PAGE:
Year Renovated: 2005
# of Students: 155
# of Floors: 5
# of Singles: 54
# of Doubles: 48
# of Triples: 0
# of Quads: 0
# of Suites: 0
# of Apartments: 2
Basement Rooms: Yes
# Sharing Bathroom: 24
Accessible: Yes
Elevator: Yes
Dumbwaiter: No
Dining Hall: No
Kitchenette on Floors: 2,3,4,5
Full Kitchen: Yes
Floor Lounges: No
All Classes: Yes
Quiet Floors: 4,5

Abbey Hall

Abbey is one of two residence halls on the south side of Mary Woolley Hall and Chapin Auditorium (where many campus events are held), as well as Rooke Theater and Pratt Music Building. It is also near Gorse, the primary student parking lot on campus.

Abbey Hall Details

Built in 1939 with funds provided by Emily Abbey, who also gave money for the renovation of the chapel in 1937, Abbey Hall was designed by Douglas Orr, who also designed Buckland and Torrey. Abbey Hall houses 83 students in single, double, and triple configurations, on three floors. Abbey's third floor is designated as the Mary Wooolley floor (LGBTQIA), where residents are committed to developing a safe, supportive and celebratory environment with particular regard to those complexities which pertain to the historical and contemporary experiences of lesbian, gay, bisexual, transgender, queer, intersex, asexual, aromantic and allied people.  Abbey shares a large dining hall with Buckland Hall, which can be made more intimate by closing a sliding door.

Year Built: 1939
Year Renovated:
N/A
# of Students: 83
# of Floors: 3
# of Singles: 56
# of Doubles:
11
# of Triples: 1
# of Quads: 0
# of Suites: 0
# of Apartments:
1
Basement Rooms: No
# Sharing Bathroom: 26
Accessible:
No
Elevator:
Yes
Dumbwaiter: No
Dining Hall: Yes
Kitchenette: Each Floor
Full Kitchen: No
Floor Lounges:
No
All Classes: Yes
Quiet Floor: No

Brigham Hall

It is located next to Mary Lyon Hall and is close to academic buildings, Skinner green and Blanchard Campus Center. Brigham's floors 2, 3 and 4 are designated as quiet floors, which mean the residents there agree to a higher standard of quiet 24 hours a day.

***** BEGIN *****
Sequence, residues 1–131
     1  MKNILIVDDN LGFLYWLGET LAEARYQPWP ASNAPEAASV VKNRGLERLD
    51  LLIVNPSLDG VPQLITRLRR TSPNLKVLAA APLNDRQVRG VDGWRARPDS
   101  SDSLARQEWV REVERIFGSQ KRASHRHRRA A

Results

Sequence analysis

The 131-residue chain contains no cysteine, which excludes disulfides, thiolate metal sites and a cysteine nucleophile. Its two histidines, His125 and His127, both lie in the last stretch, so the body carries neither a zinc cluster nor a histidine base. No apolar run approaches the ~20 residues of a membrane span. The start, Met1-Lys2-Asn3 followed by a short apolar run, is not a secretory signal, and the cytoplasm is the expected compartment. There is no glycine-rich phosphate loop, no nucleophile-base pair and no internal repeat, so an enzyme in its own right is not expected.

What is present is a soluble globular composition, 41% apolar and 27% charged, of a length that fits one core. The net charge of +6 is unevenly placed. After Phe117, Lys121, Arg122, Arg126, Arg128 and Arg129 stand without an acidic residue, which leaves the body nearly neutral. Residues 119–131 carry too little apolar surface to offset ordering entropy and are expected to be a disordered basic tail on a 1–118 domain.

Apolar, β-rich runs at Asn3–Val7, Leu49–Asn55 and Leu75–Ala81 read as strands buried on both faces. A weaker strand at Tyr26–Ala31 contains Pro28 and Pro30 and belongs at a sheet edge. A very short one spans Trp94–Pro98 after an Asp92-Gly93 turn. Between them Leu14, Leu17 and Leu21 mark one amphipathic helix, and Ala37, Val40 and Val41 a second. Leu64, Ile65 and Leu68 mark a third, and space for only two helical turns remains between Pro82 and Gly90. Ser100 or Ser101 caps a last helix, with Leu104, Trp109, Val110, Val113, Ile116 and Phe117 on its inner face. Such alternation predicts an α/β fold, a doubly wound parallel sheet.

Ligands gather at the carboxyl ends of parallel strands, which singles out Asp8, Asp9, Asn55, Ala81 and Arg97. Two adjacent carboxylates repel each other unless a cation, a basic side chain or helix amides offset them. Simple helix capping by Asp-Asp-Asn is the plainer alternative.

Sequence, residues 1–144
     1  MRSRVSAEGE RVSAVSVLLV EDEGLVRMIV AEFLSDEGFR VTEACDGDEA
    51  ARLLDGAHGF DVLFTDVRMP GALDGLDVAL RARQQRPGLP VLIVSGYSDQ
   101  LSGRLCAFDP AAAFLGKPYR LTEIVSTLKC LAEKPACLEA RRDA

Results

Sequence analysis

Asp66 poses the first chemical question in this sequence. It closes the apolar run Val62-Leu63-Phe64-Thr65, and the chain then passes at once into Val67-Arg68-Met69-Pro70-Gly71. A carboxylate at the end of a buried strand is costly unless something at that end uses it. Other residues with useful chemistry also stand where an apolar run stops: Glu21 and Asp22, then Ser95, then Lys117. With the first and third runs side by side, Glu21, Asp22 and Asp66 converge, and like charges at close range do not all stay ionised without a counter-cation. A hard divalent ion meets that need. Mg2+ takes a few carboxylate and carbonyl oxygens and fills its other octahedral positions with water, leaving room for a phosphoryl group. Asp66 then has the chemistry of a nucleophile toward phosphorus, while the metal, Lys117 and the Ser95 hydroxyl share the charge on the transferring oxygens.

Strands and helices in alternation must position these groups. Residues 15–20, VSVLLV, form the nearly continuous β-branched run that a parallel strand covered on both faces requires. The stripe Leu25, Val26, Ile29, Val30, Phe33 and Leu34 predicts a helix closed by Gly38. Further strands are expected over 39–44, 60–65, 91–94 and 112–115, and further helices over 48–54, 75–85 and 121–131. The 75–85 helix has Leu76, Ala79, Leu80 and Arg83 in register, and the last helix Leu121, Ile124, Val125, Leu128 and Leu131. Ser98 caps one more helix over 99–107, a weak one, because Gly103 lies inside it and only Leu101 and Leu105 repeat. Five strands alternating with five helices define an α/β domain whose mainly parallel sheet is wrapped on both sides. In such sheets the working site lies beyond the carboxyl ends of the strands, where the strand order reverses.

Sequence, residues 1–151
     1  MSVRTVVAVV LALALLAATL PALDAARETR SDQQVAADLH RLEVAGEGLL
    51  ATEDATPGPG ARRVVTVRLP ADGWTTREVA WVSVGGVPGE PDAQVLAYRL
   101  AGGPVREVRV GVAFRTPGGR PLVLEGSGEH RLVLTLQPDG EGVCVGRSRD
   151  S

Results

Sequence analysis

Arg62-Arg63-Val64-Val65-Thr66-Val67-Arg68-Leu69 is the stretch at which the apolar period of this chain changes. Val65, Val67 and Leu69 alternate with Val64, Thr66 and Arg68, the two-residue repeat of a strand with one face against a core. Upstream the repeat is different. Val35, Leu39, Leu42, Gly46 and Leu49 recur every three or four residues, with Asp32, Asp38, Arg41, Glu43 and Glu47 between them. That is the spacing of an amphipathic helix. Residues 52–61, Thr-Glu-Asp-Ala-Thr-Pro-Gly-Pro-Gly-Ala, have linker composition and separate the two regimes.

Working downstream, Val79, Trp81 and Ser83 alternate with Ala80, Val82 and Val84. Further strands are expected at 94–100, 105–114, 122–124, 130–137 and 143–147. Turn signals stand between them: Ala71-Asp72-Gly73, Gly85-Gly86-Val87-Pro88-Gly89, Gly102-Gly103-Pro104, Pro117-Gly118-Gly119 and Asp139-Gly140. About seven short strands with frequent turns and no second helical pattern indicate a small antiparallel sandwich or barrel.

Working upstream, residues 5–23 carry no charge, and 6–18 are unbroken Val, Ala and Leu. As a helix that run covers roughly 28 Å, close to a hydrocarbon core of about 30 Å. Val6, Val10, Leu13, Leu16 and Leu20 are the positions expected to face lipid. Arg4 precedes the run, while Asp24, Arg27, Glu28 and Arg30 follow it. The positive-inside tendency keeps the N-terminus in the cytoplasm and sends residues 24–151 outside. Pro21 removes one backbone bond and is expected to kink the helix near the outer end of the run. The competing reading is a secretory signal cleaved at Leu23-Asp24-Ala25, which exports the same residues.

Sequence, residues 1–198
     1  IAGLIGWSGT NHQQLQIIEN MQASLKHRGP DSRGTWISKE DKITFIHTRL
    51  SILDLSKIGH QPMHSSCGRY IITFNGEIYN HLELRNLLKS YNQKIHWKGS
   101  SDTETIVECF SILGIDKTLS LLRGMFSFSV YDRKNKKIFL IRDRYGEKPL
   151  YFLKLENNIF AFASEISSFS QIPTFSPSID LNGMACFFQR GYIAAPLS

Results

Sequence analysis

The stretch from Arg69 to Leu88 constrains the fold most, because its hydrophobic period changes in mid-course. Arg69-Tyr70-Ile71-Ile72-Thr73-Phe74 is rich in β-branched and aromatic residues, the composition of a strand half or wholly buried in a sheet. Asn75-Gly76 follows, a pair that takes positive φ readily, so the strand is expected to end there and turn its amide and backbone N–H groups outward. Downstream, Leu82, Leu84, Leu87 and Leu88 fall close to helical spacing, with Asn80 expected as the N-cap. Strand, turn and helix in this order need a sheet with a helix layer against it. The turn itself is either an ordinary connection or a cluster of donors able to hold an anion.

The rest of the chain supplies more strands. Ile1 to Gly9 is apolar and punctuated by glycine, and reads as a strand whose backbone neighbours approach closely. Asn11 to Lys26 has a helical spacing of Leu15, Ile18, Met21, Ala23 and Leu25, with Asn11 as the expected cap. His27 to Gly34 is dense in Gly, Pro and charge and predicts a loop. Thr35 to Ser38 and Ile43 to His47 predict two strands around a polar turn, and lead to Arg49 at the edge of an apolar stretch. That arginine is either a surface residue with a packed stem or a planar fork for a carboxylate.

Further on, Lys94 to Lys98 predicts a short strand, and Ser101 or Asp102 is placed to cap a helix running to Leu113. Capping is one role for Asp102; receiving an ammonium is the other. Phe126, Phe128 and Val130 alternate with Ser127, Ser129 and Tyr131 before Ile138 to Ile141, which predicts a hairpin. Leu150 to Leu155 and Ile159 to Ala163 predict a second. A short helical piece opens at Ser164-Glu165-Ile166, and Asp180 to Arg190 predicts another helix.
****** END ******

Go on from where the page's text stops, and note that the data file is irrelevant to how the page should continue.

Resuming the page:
Brigham Hall Details

Built in 1897, Brigham Hall - the first building to be completed after the Seminary fire - was named for Mary Brigham, a former Seminary teacher who was also a proponent of the cottage housing system and who raised $3,000 for the College toward the construction of cottages. Brigham was slated to become the President of the College in 1889, but was killed in a train accident shortly before she was to take office.  Brigham Hall was constructed with funds raised by the alumnae of New York and Brooklyn, and was the home of the College presidents from 1897 to 1909.

It is one of a trio of halls built in 1897 (Safford and Porter are the others). It houses 80 students in single, double and triple rooms on 4 floors and a basement. It faces the Gaylord Library opposite route 116.

Year Built: 1897
Year Renovated: N/A
# of Students: 80
# of Floors: 5
# of Singles: 37
# of Doubles: 17
# of Triples: 2
# of Suites: 0
# of Apts.: 1
Basement Rooms: Yes
# Sharing bathroom: 19
Accessible: No
Elevator: No
Dumbwaiter: Yes
Dining Hall: No
Kitchenette: 2, 3, 4
Full Kitchen: No
Floor Lounges: No
All Classes?: Yes
Quiet Floor: 2, 3, 4

Buckland Hall

Buckland is located near Mary Woolley Hall and Chapin Auditorium (where many campus events are held), as well as Rooke Theater and Pratt Music Building. It is also near Gorse, the main student parking lot on campus.

Buckland Hall Details

Buckland Hall is the second of two residences on the south side of campus. Built in 1956, Buckland is known for its modern architectural design. It was designed by Douglas Orr, who also designed Abbey and Torrey (formerly Lakeside). Buckland was named for Buckland, Massachusetts, the hilltown birthplace of Mary Lyon, the founder of Mount Holyoke.